3 Replies Latest reply on Nov 24, 2013 5:25 AM by Test Screen Name

    Pantone spot versus being converted to process?

    BrieBurnham Level 1

      I have a question about pantone. I understand the basics about how pantones work, and how they are different than process.

      My question is, I still end up working with pantones but typically since these are complex graphics (they are museum panel graphics) they end up getting converted to process.


      I'm just curious I got a file from our old graphic designer (I can't ask her, she is out of the country) and it appears that some of the pantones have been switched over from spot to process (I'm guessing through the drop down menu when you can either select it to be spot or process) because I notice that although the name is a Pantone, it has the little process icon next to it. And some still have the little spot icon.


      I have two questions: one, what are the disadvantages to doing that? Again its not imperetive that these remain the exact pantone (we aren't matching a brand color, its just starting out with the pantone colors gives us a good starting place for visualizing our colors since we have a large print out on our wall. I'm pretty sure we will end up sending them to an injet printer and they'll convert them to process anyways. And I'm getting test prints done so I'll adjust accordingly).


      So when you switch things with the swatch in the drop down menu in InDesign (I have cs5) from spot to process, is it ACTUALLY changing it from spot to process? Is it really as easy as that? If I use that same panel and switch it to spot is it changing it back to an actual pantone?


      And my second question: Why are my gradients more difficult to work with if I am using the color as a "spot?" I've just noticed my gradients don't behave as well (this is in InDesign cs5 btw) and the fades are much more clunky. But then I used the drop down menu on the swatch and made it a process color and it behaved much better (and was more gradual and gentle).


      Hopefully this all makes sense, I'm just getting used to the idea of pantone spot and process colors, and then I noticed that some of my pantones were already process and I'm confused all over again. My gut tells me to go ahead and make them all process? I'm pretty sure our printer isn't going to reload the graphics to print a gradient fade for the pantone, since its not that important we hit that specific color (my understanding was pantone spot is typically only used for things like, brand identity etc when hitting that exact color is imperetive). These would be single prints of one graphic for signage.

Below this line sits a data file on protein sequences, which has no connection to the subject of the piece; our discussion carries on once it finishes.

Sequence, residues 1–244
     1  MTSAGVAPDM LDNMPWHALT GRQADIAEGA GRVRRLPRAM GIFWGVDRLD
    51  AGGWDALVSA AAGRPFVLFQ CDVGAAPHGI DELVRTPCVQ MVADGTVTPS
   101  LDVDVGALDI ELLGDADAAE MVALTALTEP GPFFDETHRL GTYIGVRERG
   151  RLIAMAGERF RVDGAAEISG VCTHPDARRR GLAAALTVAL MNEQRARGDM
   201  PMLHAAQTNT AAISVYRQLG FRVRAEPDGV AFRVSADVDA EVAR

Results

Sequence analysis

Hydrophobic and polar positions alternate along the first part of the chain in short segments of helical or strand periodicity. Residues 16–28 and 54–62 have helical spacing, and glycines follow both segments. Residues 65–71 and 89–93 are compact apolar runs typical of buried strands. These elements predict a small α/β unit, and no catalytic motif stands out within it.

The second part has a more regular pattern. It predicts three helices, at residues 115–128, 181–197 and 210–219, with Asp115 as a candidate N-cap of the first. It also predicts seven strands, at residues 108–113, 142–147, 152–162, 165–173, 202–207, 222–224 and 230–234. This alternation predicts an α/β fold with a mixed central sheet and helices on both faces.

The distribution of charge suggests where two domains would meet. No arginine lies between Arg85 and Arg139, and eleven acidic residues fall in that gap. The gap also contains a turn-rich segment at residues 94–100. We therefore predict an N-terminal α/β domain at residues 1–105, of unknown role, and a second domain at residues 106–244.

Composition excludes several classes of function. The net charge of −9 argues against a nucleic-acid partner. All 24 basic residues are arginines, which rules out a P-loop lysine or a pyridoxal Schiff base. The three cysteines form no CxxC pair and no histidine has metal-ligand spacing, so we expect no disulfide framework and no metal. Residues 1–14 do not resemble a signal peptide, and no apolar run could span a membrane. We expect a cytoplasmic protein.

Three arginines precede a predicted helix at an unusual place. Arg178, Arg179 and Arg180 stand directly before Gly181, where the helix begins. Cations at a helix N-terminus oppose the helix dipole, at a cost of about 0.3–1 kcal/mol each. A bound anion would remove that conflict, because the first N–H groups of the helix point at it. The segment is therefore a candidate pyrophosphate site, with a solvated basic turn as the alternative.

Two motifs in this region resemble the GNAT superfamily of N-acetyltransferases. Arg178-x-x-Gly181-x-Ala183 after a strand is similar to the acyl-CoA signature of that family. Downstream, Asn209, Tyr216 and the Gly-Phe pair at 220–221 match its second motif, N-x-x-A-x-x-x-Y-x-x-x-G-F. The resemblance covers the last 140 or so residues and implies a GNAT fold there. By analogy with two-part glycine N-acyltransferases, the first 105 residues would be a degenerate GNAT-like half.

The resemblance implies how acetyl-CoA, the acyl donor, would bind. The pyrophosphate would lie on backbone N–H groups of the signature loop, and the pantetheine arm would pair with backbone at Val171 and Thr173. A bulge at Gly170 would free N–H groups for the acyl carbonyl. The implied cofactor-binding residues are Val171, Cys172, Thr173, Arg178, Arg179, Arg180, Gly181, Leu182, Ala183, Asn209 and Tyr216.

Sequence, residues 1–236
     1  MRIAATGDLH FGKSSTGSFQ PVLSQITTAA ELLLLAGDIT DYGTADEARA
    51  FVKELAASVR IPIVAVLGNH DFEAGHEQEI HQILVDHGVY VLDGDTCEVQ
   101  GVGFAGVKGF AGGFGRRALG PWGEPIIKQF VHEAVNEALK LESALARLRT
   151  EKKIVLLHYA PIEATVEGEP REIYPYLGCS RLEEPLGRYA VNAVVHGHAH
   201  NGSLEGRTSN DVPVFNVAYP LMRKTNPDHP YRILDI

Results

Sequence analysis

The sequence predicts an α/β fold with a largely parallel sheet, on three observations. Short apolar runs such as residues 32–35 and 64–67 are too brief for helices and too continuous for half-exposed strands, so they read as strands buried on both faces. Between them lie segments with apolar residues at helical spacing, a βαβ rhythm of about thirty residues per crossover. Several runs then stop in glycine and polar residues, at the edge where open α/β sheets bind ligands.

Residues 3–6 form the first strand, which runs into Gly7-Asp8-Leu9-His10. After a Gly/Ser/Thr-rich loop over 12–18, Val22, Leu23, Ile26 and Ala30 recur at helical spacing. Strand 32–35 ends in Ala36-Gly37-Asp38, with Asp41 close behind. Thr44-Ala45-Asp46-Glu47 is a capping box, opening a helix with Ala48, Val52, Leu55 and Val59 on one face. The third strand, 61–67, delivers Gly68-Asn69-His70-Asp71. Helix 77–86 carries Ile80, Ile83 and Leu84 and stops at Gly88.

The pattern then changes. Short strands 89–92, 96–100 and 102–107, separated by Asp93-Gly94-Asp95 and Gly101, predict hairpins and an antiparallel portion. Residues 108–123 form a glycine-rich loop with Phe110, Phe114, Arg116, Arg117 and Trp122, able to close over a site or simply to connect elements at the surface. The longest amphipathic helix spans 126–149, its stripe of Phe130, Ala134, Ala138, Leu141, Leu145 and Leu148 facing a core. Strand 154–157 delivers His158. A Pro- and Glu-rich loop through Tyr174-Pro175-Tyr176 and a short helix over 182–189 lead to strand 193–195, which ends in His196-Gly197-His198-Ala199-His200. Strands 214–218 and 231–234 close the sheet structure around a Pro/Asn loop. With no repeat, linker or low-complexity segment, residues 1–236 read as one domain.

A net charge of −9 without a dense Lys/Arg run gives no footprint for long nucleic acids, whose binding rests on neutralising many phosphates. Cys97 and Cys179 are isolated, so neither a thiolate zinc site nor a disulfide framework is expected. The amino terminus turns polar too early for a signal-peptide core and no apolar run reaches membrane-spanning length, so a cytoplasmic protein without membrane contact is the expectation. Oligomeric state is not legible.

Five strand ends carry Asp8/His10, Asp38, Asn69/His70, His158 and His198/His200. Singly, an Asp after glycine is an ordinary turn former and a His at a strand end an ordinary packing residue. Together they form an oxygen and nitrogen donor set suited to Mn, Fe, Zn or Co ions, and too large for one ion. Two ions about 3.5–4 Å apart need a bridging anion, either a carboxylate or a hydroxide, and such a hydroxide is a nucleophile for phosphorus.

Anyways, thank you again to anyone who can shed some light on this.



        • 1. Re: Pantone spot versus being converted to process?
          jdanek Level 4

          Not all inkjet printers can print Pantone Spot color simulations.  Some with software RIPs can convert, but the prints are based on specific printer and paper combinations.  Typically, the only time to prepare Spot color files is when the file will be output in an offset print scenario where the actual color will be printed using Pantone Spot color formula(s).  This is entirely different using process color and converting the Spot color in applications like InDesign and Illustrator where you will see the original Spot color swatch and, hopefully, another swatch of that color converted to process.  It may benefit you to create standard process color charts of often used colors as reference so you can establish some type of cosistency.

          • 2. Re: Pantone spot versus being converted to process?
            G.Hoffmann Level 4

            It may benefit you to create standard process color charts of often used colors as reference so you can establish some type of cosistency.


            How true! Here is a digital swatch book for CMYK colors, to be used by inkjet with RIP:




            a) Print swatch book by RIP for the specified paper, resolution etc. without color management *)

            b) Use printed swatch book as a design guide

            c) Print larger areas of preferred colors as well

            d) Print documents with RGB images, using the printer profile for RGB data and with CMYK data

                like text, color areas etc. without using the printer profile.


            *) but with linearization profile, if the printing process should be based on linearization.


            Best regards  --Gernot Hoffmann

            • 3. Re: Pantone spot versus being converted to process?
              Test Screen Name Most Valuable Participant

              My take: spot colour is not a convenient list of colours, it is a way of working and printing. I believe designers should absolutely avoid spot colour if that is not how the work will print. There are many reasons for this, including differences in how the colours get converted to process when it happens, and truly hideous complications with transparency.


              Pantone aren't just spot colours. They also provide colour reference charts. And it's also possible to convert the spot colour you like immediately into process (so long as the CMYK profile is carefully chosen and consistently used). It sounds as if the absent designer has done the right thing.